5 Ramadan surprises: UK is teaching us about kindness in a long hot fast
Here is David’s first column
FIFTEEN HOT HOURS. Without even a drop of water.
That’s the huge challenge for Muslim families this year. The Islamic calendar “moves forward” a couple of weeks, each year, so this fasting month will be the longest and hottest in decades. (Read more in Stephanie Fenton’s complete Ramadan story.)
As Dr. Baker has reported, social scientists studying global culture have concluded that America’s No. 1 character strength is: Kindness. This week is an ideal opportunity for all of us to express our kindness—the all-American spirit of caring—by greeting our Muslim neighbors. You can do it today by adding your own “Happy Ramadan” note in the comment area, below.
But, do you know what tends to happen when Ramadan arrives each year? Once again, we will see some friction from non-Muslims complaining about the occasional Ramadan greetings via TV, radio and newspapers.
How the UK’s Channel 4 is practicing Ramadan hospitality
In truth, the brief Ramadan greetings in American news media are few and far between compared with Christmas greetings—so they don’t stir much public resistance. But, in the UK this summer, a controversy is brewing among right-wing political groups and Britain’s famous Channel 4. In 2003, Parliament updated laws governing British television—including a clear mandate to Channel 4 to try innovative projects, especially in welcoming the UK’s ever-increasing cultural diversity.
This year, as Ramadan begins, Channel 4 will interrupt scheduled programming—very, very early in the morning—to remind Muslims to get up and prepare for the sunrise and the long fast that is about to start. Plus, Channel 4 will offer more daily reminders and prayer broadcasts on its website.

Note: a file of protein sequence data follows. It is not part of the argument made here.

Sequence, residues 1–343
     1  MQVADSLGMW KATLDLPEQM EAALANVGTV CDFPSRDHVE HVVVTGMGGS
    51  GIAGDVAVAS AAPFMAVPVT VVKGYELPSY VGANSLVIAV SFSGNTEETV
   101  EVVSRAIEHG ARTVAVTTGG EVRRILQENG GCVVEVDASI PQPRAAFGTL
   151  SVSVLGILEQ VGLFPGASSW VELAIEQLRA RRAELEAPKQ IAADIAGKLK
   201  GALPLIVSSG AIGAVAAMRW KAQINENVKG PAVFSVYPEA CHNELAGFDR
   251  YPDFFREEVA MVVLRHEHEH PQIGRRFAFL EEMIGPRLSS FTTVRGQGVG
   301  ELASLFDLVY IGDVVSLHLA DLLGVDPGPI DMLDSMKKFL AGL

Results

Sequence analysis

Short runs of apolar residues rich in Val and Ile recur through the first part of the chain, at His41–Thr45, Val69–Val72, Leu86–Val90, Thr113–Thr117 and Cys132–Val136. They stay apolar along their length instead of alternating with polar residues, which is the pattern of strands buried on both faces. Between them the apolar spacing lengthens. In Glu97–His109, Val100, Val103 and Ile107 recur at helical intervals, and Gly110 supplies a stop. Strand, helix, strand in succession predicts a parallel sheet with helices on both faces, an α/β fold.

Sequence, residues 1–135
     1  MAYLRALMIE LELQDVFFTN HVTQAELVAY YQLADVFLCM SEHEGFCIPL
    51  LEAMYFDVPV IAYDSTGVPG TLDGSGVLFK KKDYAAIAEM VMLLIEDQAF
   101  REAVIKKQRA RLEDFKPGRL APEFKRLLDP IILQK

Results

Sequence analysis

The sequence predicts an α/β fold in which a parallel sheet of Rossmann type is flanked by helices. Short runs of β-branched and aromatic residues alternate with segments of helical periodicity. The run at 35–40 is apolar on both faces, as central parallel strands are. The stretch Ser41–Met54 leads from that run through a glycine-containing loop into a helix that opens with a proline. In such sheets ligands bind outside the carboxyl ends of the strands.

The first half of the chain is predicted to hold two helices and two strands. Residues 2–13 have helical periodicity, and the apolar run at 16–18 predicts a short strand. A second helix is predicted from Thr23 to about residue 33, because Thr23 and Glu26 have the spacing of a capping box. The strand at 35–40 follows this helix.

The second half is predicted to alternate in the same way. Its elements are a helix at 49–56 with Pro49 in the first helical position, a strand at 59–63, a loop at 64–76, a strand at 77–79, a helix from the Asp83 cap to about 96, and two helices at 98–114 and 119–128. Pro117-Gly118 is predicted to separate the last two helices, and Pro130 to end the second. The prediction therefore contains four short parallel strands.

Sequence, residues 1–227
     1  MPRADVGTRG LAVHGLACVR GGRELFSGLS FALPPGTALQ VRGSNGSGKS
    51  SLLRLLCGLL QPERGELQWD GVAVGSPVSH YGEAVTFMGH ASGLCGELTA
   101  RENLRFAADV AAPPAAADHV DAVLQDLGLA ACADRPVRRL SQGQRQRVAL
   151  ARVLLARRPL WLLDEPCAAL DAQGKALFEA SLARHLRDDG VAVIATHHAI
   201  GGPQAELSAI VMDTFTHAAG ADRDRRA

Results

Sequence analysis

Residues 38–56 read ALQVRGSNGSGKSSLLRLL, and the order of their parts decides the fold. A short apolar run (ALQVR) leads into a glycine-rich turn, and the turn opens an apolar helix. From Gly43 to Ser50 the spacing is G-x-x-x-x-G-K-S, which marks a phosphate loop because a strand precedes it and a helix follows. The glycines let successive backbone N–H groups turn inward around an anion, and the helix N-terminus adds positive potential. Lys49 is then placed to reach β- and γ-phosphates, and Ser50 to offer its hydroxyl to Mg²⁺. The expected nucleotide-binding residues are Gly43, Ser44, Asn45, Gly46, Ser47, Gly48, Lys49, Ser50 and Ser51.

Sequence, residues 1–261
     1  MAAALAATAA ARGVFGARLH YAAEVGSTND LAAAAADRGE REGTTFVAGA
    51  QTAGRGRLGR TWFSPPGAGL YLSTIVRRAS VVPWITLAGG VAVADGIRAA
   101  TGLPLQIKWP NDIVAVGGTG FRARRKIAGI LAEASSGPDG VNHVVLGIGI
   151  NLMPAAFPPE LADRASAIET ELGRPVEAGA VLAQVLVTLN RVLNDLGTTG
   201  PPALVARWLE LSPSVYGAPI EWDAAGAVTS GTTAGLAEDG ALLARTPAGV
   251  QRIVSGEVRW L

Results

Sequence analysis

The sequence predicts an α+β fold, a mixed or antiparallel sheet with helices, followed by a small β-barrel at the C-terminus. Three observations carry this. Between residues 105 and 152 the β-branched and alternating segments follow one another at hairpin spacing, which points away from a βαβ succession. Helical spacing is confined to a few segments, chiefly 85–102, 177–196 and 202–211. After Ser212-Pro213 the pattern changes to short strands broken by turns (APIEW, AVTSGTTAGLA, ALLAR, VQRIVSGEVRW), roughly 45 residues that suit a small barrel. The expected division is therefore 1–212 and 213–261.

Even more exiting—from our point of view at Read the Spirit (although condemned by British right wingers)—is a special month-long programming emphasis: 4RAMADAN. Channel 4 still will carry its regular lineup of hit TV series, but this special effort adds new online resources for understanding Ramadan as well as some fascinating new TV programs. One TV show features a former professional rugby player turned award-winning documentary filmmaker, Rashid Khan, who traveled the width and breadth of Britain, reporting on the significance of the fasting month in various communities. I love the title for his show: A Very British Ramadan.
Please: Show how truly kind we are—right now—by doing three things: First, click one of the blue-”f” Facebook icons and “Like” this column to signal to your friends that you’re a welcoming person as Ramadan begins. Second, if you’ve got a Muslim relative, friend or colleague, click on the little envelope-shaped icon and email this column to them with a hearty: “Happy Ramadan.” (Or, if you want to get fancy, email “Ramadan Mubarak,” which means “Blessed Ramadan.”) And third, take just a moment and type a few words of Ramadan greeting in the Comment section below.
I know that many readers are eager to check out the Channel 4 offerings. So, we’ve got a short Channel 4 promo here.
Care for more on Ramadan?
THE HOLIDAY: Stephanie Fenton has a complete holiday story, packed with links to news from around the world and even some delicious Ramadan recipes, as well.
THE FOODS: As you will learn in future Our Values columns this week, Ramadan is as much about thankful appreciation for favorite foods as it is about the fast itself. Think of Ramadan, perhaps, as four weeks of nightly Thanksgiving meals. Care to taste what many Muslim families will enjoy at iftar? Feed the Spirit columnist Bobbie Lewis is beginning a two-part column on favorite Ramadan recipes from an Afghani-American family. Her first column includes a recipe for a wonderfully spicy-and-savory vegetarian stuffed flat bread.
THE BOOK: Read the Spirit publishes the Book to read about Ramadan: Najah Bazzy’s The Beauty of Ramadan.
Wayne Baker is a sociologist on the faculty of the University of Michigan Ross School of Business. Baker blogs daily at Our Values and can be reached at email@example.com or on Facebook.